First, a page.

Faculty Spotlight: Mitchell Rose

One Ohio State Dance Professor and 42 Choreographers Partner to Create an Ode to Dance, Exquisite Corps

Mitchell Rose, associate professor of dance-filmmaking, recently created a dance-film, Exquisite Corps, which has gone viral in the dance world. After just one month the video has 900,000 views.

Exquisite corpse is a literary form where a story is passed from writer to writer, each picking up where the previous left off. Rose was inspired by this idea, and created a dance version of it. Exquisite Corps is the fourth and final in Rose’s film series all using an editing technique he calls hyper-matchcutting, where every adjacent edit is aligned perfectly in position and continuity.

“Hyper-matchcutting has a powerful visual effect of creating equalization,” he said.

Rose explained that when a new image takes the place of an old image with the same continuity of action it's saying these things are equal. He used this idea several years ago in his film, Globe Trot, which represented a statement of unity across people of the world. Globe Trot has won 13 festival awards.

The new six-minute Exquisite Corps includes the involvement of 42 well-known American contemporary choreographers. Rose hoped to create an ode to the connectedness within a broad community of artists who share a common goal. Each choreographer participated in Rose’s process that honored differences and eccentricities.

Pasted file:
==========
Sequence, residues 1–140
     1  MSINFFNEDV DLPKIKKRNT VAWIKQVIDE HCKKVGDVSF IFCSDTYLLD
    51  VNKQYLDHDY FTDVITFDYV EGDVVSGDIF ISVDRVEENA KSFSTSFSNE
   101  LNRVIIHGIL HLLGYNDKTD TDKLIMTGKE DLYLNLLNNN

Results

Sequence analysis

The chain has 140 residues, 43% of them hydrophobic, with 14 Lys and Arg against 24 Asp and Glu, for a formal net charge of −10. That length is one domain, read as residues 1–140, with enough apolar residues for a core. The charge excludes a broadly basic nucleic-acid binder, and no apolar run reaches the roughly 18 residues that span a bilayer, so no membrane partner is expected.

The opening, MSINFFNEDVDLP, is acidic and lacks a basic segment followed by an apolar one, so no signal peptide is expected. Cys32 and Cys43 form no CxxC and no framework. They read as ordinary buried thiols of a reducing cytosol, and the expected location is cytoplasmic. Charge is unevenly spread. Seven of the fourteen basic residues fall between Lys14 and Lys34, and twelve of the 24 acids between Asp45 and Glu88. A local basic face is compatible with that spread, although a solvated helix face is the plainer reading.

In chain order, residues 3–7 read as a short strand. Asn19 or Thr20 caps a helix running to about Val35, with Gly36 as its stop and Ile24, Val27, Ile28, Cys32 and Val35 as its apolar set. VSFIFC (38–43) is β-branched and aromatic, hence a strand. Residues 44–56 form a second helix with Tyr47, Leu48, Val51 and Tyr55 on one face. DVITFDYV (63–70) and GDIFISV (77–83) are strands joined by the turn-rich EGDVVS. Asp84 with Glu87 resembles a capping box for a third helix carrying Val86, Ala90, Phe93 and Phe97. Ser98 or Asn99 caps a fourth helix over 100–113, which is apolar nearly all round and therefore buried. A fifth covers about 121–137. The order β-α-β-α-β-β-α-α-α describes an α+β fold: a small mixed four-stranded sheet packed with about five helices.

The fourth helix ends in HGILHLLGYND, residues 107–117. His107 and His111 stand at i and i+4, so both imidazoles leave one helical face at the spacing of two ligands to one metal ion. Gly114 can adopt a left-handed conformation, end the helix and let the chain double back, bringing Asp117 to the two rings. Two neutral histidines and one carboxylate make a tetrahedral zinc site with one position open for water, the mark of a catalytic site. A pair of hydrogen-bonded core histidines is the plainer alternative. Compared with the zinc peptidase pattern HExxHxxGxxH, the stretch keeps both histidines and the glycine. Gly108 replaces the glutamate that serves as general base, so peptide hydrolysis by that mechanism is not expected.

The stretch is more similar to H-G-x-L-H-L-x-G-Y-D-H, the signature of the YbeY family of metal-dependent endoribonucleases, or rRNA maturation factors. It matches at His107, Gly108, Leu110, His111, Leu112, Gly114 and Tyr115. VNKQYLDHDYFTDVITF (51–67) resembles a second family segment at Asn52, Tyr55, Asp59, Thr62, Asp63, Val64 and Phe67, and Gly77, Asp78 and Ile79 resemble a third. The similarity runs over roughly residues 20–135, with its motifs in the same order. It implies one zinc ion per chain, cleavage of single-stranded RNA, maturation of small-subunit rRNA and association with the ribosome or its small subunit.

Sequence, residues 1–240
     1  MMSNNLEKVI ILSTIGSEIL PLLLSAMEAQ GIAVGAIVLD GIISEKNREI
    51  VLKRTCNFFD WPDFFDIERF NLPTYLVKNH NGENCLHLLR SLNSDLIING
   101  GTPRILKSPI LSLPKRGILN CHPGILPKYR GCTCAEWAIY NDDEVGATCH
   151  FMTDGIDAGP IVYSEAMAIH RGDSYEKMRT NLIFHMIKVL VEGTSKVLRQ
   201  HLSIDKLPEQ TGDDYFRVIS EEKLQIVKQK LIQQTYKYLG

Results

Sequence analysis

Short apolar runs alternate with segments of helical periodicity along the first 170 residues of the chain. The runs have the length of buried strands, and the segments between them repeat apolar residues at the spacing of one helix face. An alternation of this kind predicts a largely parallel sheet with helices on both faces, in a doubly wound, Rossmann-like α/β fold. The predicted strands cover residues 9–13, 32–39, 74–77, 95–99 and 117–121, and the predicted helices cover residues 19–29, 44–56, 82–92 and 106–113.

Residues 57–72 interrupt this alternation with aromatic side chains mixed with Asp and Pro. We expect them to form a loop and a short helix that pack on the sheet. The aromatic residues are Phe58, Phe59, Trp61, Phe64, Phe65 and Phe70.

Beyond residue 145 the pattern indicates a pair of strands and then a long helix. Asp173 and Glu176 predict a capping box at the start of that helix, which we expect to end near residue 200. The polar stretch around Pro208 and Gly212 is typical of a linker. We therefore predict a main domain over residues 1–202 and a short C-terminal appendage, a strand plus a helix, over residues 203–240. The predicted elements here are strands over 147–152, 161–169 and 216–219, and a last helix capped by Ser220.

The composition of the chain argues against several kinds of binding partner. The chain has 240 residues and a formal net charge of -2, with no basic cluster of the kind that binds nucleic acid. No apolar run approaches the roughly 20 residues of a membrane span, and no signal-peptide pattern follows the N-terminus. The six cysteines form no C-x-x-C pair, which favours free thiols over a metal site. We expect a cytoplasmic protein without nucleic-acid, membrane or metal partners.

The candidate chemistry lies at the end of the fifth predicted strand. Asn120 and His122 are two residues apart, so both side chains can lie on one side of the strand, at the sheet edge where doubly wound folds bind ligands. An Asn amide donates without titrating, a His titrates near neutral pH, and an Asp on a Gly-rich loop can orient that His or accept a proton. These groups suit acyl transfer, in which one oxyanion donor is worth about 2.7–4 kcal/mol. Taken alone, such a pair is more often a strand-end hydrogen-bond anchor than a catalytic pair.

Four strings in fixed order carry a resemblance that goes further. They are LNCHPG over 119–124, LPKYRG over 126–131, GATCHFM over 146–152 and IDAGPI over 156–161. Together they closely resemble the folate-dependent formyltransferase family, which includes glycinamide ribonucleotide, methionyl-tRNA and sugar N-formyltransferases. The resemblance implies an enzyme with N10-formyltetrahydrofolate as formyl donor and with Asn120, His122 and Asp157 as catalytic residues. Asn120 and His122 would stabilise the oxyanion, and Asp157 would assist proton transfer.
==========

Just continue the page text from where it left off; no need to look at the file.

Rose sent the accumulated video to each choreographer and they were told to video two to 10 seconds of themselves dancing based off the previous performer. Rose sent a manual out to every participant with an alignment grid to help with exact positioning from one person to the next.

The film took two years to make because as Rose relied on each choreographer to do his or her part, he had to wait for them to deliver the footage. Though each participant was responsible for finding a cameraperson to shoot their section, by February of this year Rose was anxious to keep the project moving, so he went to New York himself and filmed six people in two days including Meredith Monk, Elizabeth Streb and others.

“That really brought a much needed momentum to the project,” he added.

To keep that pace up, OSU Dance alumna and Brooklyn-based dance-filmmaker Ellen Maynard began shooting sections for the project.

In April, Rose shot the final section as the dance came full circle back to the Department of Dance's own Barnett Theatre lobby. This closed the dance as it had begun with Professor Bebe Miller.

Los Angeles composer Robert Een then created the upbeat score that accompanies the film.

Is Rose pleased with the results?

“In Exquisite Corps, as I did in Globe Trot, I again wanted to portray a unity, but this time amongst the community of choreographers,” he said. “Choreographers are members of a great family, a family bound together by an indomitable passion for dance, and the shared experience of trial by sweat.”